I thought for a moment, knowing that this answer would be the most important one and not wanting my impulsive sass to ruin everything. “Doctor is one of my dearest friends, and I’d never want to hurt her. In fact, I’ve been really worried about her – so worried that the risk of coming here at this time meant nothing to me. I just want to do what I can to make sure she’s alright. And if you still don’t believe me, there’s a key to the TARDIS around my neck that you’ll certainly recognize. She doesn’t just give it to anyone off the streets, you know.”
I held my breath, hoping it had been enough. He considered my words for a moment, before reaching forward and looking at the chain. A small, idealistic part of me was upset that he had needed to see the proof, but it didn’t really matter. Silently, he started untying me, but I felt the balance shifting and was not at all inclined to plummet to my death. I had the upper body strength of a twig, so I grabbed onto him, not really caring how awkward it was. “Can you pull me up first, please?”
He seemed startled by my actions, but surprisingly, he did as I asked. When I was in a safe position, trying to cope with the fact that my legs had turned to jelly, he finally spoke. “Very well. I will help you rescue Docteur. I wonder what foolish trouble that girl has gotten herself into, this time.”
“Really?” I asked, leaning against the wall and trying to calm my heart and the adrenaline that was still surging through me. “Thank you.”
“Where did he say she was?”
“He said that you would know…” Erik gave me a look, and I immediately felt bad. “I’m sorry, okay? I know all of this is very vague and probably doesn’t sound true, but it is.”
“…if I did not believe, you would not still be alive.” That shut me up, but Erik sounded almost amused. “However, I find it interesting that you didn’t ask him to elaborate.”
“I, uh…think I might annoyed him a bit.” I said, sheepishly.
“Somehow that doesn’t surprise me.”
“I didn’t want to take any chances.” I went on, ignoring his remark.
“I’m surprised you were able to…control yourself.” Erik said, looking at me. “You do seem to be very good at being an annoyance, so far.”
“Yeah? Well, that makes two of us.” I muttered under my breath.
“What did you say?”
“It was not nothing.” Erik said, a glint in his eyes.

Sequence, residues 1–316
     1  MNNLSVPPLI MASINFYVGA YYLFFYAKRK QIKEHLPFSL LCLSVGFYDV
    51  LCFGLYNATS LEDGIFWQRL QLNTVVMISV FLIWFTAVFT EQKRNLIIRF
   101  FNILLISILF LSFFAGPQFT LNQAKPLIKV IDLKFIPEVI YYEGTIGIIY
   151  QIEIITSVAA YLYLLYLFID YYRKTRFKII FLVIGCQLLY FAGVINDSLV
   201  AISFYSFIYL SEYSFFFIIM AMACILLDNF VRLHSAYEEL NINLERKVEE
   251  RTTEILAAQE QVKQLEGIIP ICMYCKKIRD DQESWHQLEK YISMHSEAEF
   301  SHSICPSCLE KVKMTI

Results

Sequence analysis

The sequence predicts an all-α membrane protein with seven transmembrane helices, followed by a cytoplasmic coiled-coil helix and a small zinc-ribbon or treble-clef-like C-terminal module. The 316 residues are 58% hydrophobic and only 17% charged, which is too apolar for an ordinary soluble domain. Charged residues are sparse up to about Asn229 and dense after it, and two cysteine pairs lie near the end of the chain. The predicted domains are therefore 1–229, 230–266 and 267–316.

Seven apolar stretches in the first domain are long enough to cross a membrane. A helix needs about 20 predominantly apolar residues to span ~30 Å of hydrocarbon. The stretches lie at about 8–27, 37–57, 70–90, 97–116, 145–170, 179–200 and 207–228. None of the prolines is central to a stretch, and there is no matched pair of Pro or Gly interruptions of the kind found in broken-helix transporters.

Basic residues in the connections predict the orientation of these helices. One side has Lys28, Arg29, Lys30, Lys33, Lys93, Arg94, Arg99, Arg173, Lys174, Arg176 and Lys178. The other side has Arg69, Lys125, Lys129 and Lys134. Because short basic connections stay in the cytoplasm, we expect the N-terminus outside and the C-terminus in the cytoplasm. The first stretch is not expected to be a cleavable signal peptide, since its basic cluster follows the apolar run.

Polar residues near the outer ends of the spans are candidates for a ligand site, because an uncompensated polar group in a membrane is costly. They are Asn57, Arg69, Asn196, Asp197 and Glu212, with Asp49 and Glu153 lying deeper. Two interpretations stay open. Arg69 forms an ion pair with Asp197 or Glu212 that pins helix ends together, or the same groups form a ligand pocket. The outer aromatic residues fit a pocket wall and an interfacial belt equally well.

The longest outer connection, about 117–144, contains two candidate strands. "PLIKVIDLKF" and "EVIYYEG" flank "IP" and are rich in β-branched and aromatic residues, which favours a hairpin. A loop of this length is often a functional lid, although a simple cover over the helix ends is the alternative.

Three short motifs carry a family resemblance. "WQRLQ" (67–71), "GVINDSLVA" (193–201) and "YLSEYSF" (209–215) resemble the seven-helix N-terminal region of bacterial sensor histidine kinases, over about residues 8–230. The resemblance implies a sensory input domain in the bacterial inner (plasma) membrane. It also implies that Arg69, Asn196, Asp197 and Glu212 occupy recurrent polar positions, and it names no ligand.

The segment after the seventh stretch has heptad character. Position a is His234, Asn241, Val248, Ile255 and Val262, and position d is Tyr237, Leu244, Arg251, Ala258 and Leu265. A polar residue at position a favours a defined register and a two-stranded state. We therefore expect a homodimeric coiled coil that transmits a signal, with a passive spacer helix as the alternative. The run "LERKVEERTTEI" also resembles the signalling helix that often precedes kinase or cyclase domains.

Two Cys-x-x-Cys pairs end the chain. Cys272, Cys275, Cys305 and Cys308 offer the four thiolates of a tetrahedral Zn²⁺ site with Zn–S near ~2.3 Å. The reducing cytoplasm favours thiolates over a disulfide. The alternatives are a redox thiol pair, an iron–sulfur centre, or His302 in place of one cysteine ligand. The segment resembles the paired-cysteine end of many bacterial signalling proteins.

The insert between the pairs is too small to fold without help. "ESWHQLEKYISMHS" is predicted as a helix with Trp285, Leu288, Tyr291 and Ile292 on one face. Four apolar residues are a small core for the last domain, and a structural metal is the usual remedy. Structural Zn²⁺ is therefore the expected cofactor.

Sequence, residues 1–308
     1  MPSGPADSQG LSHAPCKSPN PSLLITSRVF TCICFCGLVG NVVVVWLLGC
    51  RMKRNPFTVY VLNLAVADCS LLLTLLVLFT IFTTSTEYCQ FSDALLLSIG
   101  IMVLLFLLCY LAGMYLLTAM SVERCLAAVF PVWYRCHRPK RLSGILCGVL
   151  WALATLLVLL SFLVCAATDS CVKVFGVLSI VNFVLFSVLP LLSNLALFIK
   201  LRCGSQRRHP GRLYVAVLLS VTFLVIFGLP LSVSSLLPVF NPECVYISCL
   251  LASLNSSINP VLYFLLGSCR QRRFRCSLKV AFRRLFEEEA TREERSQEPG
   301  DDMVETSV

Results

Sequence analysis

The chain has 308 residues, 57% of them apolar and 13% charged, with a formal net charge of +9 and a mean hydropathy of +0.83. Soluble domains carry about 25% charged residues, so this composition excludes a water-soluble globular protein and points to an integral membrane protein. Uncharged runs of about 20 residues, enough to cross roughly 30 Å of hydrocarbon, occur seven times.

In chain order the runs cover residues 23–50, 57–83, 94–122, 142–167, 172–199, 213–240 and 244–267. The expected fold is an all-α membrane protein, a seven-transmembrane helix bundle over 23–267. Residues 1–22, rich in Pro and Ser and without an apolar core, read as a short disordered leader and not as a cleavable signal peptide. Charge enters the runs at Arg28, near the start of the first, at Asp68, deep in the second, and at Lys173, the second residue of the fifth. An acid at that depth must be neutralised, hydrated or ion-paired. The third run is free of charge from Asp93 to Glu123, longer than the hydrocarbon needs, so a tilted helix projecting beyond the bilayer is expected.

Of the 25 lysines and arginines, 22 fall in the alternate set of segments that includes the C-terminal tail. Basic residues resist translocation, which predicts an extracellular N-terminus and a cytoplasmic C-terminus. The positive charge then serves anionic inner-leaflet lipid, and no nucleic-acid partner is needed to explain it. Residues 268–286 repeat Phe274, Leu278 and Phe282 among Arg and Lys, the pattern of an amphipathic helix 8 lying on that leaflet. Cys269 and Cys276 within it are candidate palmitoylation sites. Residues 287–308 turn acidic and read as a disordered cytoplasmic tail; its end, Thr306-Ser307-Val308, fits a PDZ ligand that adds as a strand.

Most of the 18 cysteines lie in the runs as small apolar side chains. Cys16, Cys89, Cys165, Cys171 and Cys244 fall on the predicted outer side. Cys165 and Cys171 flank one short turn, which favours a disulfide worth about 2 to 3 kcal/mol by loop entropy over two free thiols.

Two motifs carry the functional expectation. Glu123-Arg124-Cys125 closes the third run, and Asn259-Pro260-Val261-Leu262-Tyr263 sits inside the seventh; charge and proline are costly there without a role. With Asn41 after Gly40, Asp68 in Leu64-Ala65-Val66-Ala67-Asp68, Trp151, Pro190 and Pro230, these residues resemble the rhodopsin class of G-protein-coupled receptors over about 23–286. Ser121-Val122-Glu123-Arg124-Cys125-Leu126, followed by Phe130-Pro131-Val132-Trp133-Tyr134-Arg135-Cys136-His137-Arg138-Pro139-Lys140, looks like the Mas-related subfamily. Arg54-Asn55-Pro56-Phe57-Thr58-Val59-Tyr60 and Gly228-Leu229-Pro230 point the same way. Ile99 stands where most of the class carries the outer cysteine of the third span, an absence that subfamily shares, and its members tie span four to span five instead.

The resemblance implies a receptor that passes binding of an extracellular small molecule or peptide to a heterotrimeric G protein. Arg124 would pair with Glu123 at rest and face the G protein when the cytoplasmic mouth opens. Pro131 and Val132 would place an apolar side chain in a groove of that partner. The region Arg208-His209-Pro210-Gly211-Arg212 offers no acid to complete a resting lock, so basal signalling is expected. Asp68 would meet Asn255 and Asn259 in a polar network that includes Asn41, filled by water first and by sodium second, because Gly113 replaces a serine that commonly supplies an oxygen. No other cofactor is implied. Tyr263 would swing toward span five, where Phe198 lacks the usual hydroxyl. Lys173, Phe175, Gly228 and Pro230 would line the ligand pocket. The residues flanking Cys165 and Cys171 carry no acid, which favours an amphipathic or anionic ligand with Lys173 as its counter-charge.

“Fine, then. Nothing important.” I replied, with a defiant look. Surprisingly, he decided to drop it.
Without another word, he started walking. I followed behind, as silent as possible. After a few minutes, I spoke up. “Where are we going?”
“…right.” The silence stretched on, but it was alright because keeping up with him was an effort in itself. The last thing I wanted was to get lost down here.
“So…do you know who he is? Or where she is?” I said, unable to hold back my curiousity.
“I have some ideas.” He said, looking over his shoulder, but not adding any further explanation.
“I happen to have quite a few enemies.”
“Enemies? You? I would never have dreamed of it.” I deadpanned.
“Shut up, girl.” He said, sounding annoyed for the first time.
“I have a name, you know. It’s Radha, not “girl.” And I don’t understand why you aren’t answering any of my questions.”
“I’ve answered all of them.”
“Well, little fille, I know better than most that all walls have ears.” He said, tone a bit darker than before, before it turned patronizing. “I trust you can give me the small gift of exhibiting some patience until we reach our destination.”
“Fine.” I muttered, feeling a little ashamed that he had to spell it out for me. But I was also upset at him. Did he think I was so much of an idiot that I didn’t know “fille” was the French word for “girl?” I reminded myself that he was the only way Doctor would stay safe, and resolved to make more of an effort to be nice, although something about his personality made that extremely difficult. At least he seemed serious about helping. Whatever else happened, rescuing her was the most important.
Everything’s going to be fine, Radha, I tried to convince myself, although a part of me was saying that such optimism was foolish. I would find a way to make things work, if it was the last thing I did.